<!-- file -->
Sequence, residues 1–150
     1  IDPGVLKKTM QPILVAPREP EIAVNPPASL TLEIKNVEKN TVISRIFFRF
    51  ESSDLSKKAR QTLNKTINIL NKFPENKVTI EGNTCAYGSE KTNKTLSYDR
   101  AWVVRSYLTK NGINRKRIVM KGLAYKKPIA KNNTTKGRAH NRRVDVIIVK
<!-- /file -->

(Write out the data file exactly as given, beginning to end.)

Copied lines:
Sequence, residues 1–150
     1  IDPGVLKKTM QPILVAPREP EIAVNPPASL TLEIKNVEKN TVISRIFFRF
    51  ESSDLSKKAR QTLNKTINIL NKFPENKVTI EGNTCAYGSE KTNKTLSYDR
   101  AWVVRSYLTK NGINRKRIVM KGLAYKKPIA KNNTTKGRAH NRRVDVIIVK